Human tissue studies

All deidentified human tissues were obtained with informed consent using institutional review board (IRB)-approved protocols at each institution (Cleveland Clinic, UT Southwestern and Dana-Farber Cancer Institute). Pre- and post-Enz lymph node tissues were obtained from CT-guided biopsy of metastatic CRPC from Cleveland Clinic (Patient #3) and Dana-Farber Cancer Institute (Patient #4). Pathologic identification of tumor was done by an expert prostate cancer pathologist. Staining of tissues from Patient #4 was done with frozen section slides that were air dried at room temperature for 5 min, followed by rehydration with PBS. Immunofluorescence staining was performed as described above. H and E staining was completed by the imagine core of Biomedical Engineering Department in Lerner Research Institute of Cleveland Clinic.

Paired pre-Enz treatment and post-Enz treatment tissues from Patient #1 and Patient #2 were obtained from patients with localized prostate cancer treated with Enz plus ADT for two months prior to the second biopsy in a clinical trial (NCT02064582) at the University of Texas Southwestern Medical Center. Biopsies were obtained using image-guidance with a Koelis Urostation. The biopsy cores were minced into pieces and then added into Soft tissue homogenizing CK14 tubes (Betin Technologies) with 100 μl 6M Urea buffer containing protease inhibitors (Sigma Aldrich). Tissue homogenization and immunoblot analysis were performed as described previously.

Seven fresh prostate tissue cores (60–80 mg) from Patients #5-#11 were obtained from the peripheral zone of radical prostatectomy specimens at Cleveland Clinic, confirmed to have tumor in or in close proximity to cores by an expert prostate cancer pathologist, minced and aliquoted to two parts. One was treated with 10 nM DHEA plus vehicle, and the other was treated with 10 nM DHEA plus 10 μM Enz. Both tissues were maintained in 3 ml DMEM containing 10% fetal bovine serum and incubated in a 5% CO2 humidified incubator. After four days of culture, two more ml medium with DHEA plus either vehicle or Enz was added into each part. The tissues were collected after 7–8 days treatment. The same procedures were performed as described above for protein extraction and immunoblot.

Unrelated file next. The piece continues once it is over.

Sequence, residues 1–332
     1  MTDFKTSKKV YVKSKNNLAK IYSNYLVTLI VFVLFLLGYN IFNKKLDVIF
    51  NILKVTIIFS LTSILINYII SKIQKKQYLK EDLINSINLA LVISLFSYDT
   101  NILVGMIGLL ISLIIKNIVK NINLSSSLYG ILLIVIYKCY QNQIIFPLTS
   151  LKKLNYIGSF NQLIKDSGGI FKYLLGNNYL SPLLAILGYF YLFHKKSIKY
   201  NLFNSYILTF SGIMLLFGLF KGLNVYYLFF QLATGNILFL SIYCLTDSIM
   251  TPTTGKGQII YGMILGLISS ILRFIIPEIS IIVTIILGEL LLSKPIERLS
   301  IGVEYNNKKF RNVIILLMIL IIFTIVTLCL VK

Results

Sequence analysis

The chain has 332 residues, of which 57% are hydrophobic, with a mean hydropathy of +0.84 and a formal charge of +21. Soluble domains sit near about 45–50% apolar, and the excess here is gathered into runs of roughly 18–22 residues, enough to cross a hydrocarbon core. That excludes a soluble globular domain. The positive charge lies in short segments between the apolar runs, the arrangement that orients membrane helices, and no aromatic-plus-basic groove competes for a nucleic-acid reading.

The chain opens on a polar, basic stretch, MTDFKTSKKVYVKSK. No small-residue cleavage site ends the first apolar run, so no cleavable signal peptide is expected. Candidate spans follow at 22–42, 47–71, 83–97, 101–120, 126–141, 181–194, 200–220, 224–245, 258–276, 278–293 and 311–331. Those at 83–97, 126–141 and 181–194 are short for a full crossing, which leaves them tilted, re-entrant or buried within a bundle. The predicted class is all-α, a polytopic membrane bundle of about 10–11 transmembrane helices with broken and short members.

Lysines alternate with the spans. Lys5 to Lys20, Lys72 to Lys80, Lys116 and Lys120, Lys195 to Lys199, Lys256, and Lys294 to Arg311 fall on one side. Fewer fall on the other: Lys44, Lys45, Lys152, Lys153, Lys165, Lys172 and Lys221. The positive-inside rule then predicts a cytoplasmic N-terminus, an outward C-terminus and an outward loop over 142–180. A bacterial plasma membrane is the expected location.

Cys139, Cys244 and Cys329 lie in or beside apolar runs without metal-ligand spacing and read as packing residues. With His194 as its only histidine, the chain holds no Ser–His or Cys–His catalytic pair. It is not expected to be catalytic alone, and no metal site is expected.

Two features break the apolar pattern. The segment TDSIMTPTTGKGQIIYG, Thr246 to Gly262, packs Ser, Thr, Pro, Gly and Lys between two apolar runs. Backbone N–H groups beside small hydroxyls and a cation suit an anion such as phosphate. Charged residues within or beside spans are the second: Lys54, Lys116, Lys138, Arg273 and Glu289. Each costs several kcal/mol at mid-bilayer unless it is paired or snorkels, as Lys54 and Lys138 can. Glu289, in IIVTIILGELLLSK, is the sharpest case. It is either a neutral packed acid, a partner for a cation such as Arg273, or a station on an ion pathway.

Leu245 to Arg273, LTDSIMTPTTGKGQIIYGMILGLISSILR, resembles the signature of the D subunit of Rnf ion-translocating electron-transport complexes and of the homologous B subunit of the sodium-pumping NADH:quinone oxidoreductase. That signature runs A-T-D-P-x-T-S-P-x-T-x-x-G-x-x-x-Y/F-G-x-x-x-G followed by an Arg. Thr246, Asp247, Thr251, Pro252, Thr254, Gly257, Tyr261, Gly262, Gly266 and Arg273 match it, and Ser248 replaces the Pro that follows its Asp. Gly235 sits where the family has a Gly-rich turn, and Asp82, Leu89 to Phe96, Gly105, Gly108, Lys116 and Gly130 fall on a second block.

Mass spectrometry

Xenograft analysis. At least 24 mg tumor tissue (n = 18) was homogenized with 1 ml LC-MS grade water (Fisher) by using homogenizer. The mixture was then centrifuged. 800 μl of the supernatant was transferred to a glass tube, followed by the addition of 80 μl of 10 ng/ml internal standard (corticosterone-d8) (Steraloids). The steroids and the internal standard were extracted with methyl tert butyl ether (Across) evaporated to dryness under N2 then reconstituted with 500 μl of 50% methanol.

Mouse serum analysis. At the endpoint of the xenograft study, mouse serum was collected. 20 µl of mouse serum and internal standard (corticosterone-d8) were precipitated with 200 μl methanol. After centrifugation, the supernatant was transferred to HPLC vials prior to mass spectrometry analysis.

The LC-MS/MS system contains an ultra-pressure liquid chromatography system (Shimadzu Corporation, Japan) which is consisted of two LC-30AD pumps, a DGU-20A5R degasser, a CTO-30A column oven, SIL-30AC autosampler, and a system controller CBM-20A and coupled with a Qtrap 5500 mass spectrometer (AB Sciex). Data acquisition and processing were performed using Analyst software (version 1.6.2) from ABSciex.

Steroids were ionized using electrospray ionization in positive mode. Quantification of analytes was performed using multiple reaction monitoring. The mass transitions for corticosterone, 11-dehydrocorticosterone, and internal standard are 347.3/121.0, 345.3/121.0, and 355.3/125.0, respectively. Separation of steroids was achieved using a Zorbax Eclipse plus C18 column (Agilent) using a mobile phase consisting of (A) 0.2% formic acid in water and (B) 0.2% formic acid in (methanol:acetonitrile, 60:40) with a gradient program at a flow rate of 0.2 ml/min. Sample injection volume was 10 μl.

Ubiquitination assay